As for the worst... hmmmm... could've been in LA, at Madam Wongs. I remember Craig and I not being able to hear anything, or each other, so out of desperation we swapped sides for a bit... still no good. Smithy took this stage manouvering as being a rock-star Bon Jovi type 'routine' and threw a wobbly afterwards. He never was the most practical of fellas!
NC: Now a Creepers question, The Wedding Present have recently covered Jumper Clown (one of the tracks on the It's a Gas single). What do you think of their version and did Gedge ask you if they could do it?
MR: Yeah, I've heard it and it's not a bad job! I seem to remember talking to Dave when I was working on Hit the North (someone's else's title I hasten to add) for Radio Five and we mentioned that the Wedding Present had been approached to do a Fall song to contribute to an LP of Fall cover versions. They decided to do a Riley song instead and it has now surfaced on a single release. Whether it will pop up on the new Fall LP I couldn't say.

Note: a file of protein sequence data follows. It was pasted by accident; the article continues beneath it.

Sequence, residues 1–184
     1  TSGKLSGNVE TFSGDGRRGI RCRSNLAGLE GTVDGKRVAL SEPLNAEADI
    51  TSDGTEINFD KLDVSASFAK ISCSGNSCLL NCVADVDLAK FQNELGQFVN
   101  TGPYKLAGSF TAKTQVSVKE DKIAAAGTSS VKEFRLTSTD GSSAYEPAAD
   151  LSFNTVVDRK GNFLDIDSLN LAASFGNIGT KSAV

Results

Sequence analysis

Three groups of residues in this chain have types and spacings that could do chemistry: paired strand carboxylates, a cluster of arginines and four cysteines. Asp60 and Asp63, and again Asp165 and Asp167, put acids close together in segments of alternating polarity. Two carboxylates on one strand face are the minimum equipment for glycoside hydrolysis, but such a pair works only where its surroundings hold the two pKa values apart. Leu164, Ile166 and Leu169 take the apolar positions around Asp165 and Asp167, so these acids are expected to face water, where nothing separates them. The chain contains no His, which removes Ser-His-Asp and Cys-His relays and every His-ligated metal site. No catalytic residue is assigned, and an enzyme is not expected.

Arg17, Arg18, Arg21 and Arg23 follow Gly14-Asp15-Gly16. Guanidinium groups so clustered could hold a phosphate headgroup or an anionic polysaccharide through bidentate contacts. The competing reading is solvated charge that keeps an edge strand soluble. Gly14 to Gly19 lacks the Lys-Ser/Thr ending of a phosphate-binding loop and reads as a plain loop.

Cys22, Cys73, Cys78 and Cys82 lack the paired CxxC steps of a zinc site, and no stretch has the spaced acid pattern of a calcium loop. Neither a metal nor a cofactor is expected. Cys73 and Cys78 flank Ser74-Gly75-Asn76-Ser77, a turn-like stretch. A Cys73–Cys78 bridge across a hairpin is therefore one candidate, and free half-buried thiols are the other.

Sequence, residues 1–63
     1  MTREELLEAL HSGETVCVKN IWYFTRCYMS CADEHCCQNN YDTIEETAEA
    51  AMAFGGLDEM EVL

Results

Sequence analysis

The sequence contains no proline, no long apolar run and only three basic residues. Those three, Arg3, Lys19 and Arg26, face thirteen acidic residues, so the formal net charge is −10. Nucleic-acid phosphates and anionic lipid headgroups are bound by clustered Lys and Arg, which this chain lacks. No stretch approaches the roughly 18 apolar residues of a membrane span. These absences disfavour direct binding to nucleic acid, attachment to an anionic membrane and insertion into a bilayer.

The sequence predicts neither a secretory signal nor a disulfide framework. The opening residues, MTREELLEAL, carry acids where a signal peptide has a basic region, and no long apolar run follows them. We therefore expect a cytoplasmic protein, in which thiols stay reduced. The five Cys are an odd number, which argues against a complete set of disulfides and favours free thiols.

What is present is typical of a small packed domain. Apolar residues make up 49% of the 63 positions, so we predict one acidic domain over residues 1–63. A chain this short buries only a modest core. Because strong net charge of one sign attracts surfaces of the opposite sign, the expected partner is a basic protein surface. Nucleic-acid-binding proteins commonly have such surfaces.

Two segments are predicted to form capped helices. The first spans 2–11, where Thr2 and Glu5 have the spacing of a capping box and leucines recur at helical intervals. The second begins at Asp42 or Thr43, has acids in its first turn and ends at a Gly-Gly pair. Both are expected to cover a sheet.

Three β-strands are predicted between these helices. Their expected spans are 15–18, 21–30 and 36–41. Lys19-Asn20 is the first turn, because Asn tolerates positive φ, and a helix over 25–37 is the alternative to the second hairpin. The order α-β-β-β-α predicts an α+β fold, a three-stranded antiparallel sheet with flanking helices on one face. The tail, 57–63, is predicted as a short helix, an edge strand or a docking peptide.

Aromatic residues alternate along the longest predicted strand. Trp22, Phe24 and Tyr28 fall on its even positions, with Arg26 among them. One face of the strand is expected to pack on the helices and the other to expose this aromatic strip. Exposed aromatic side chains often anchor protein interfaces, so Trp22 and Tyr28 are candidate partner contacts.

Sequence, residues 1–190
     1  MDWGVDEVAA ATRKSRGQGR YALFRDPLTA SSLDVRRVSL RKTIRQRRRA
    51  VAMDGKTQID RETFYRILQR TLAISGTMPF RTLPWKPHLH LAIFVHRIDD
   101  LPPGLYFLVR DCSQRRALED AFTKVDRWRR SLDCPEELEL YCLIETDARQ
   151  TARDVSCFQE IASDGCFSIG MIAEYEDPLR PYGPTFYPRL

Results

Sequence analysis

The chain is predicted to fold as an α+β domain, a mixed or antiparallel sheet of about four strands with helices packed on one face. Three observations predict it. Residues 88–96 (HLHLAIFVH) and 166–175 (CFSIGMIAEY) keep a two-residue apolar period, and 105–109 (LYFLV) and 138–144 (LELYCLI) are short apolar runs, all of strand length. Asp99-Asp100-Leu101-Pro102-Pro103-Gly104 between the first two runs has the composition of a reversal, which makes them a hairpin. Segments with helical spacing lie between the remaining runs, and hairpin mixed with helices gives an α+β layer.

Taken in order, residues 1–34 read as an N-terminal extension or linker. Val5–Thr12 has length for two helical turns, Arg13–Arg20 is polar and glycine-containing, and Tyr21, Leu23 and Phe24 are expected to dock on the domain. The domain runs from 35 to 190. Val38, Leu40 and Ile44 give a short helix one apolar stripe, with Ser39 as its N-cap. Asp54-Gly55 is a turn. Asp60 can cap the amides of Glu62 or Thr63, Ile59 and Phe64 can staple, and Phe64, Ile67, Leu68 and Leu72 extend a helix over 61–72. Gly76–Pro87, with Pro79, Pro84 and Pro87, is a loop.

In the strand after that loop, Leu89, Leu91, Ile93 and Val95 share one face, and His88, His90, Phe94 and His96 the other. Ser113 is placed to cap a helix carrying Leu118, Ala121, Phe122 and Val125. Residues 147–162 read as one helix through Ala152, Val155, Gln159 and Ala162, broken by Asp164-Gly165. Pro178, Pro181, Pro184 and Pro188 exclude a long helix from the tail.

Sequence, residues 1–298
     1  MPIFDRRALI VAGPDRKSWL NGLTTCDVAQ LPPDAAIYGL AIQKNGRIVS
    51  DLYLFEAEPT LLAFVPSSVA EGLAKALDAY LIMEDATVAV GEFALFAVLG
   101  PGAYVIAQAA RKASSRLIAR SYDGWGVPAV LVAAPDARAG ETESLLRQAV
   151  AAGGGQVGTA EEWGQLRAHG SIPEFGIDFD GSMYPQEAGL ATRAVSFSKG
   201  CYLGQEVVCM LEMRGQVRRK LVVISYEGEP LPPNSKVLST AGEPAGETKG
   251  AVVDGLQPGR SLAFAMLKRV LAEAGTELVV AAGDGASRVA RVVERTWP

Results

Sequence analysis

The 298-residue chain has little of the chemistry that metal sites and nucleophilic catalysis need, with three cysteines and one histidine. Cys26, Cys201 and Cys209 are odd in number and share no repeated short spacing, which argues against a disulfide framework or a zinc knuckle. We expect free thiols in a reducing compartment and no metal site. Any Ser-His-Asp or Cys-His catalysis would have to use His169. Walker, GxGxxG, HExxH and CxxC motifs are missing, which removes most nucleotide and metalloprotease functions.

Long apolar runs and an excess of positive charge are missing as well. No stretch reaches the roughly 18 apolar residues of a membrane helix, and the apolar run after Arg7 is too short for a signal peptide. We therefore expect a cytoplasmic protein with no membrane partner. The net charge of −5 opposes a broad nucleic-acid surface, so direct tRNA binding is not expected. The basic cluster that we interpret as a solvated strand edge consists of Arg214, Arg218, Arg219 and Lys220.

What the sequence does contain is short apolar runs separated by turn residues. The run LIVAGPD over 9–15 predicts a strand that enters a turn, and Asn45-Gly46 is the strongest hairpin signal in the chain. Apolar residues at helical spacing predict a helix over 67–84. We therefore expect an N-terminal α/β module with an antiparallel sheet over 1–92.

NC: Is there any more TV work in the pipeline?
MR: Oooh, I would've thought so! If Fred Talbot
should meet with an (un)fortunate accident then a regular spot on
This Morning might be nice, pissing about on a large lump of
polystyrene and talking through my arse... that'd be nice!
Hope this fits the bill. By the way [to Neil Clarke], have you still got that tattoo of me on your upper arm? Frightened the shit out of me that did."
Lost MES interview (Excerpts)
What other music/ bands do you like?
Steve Hanley: The The, Irish showbands.
Karl Burns: Anything that doesn't threaten him.
Craig Scanlon: Elvis Presley, Diana Ross, Al Green.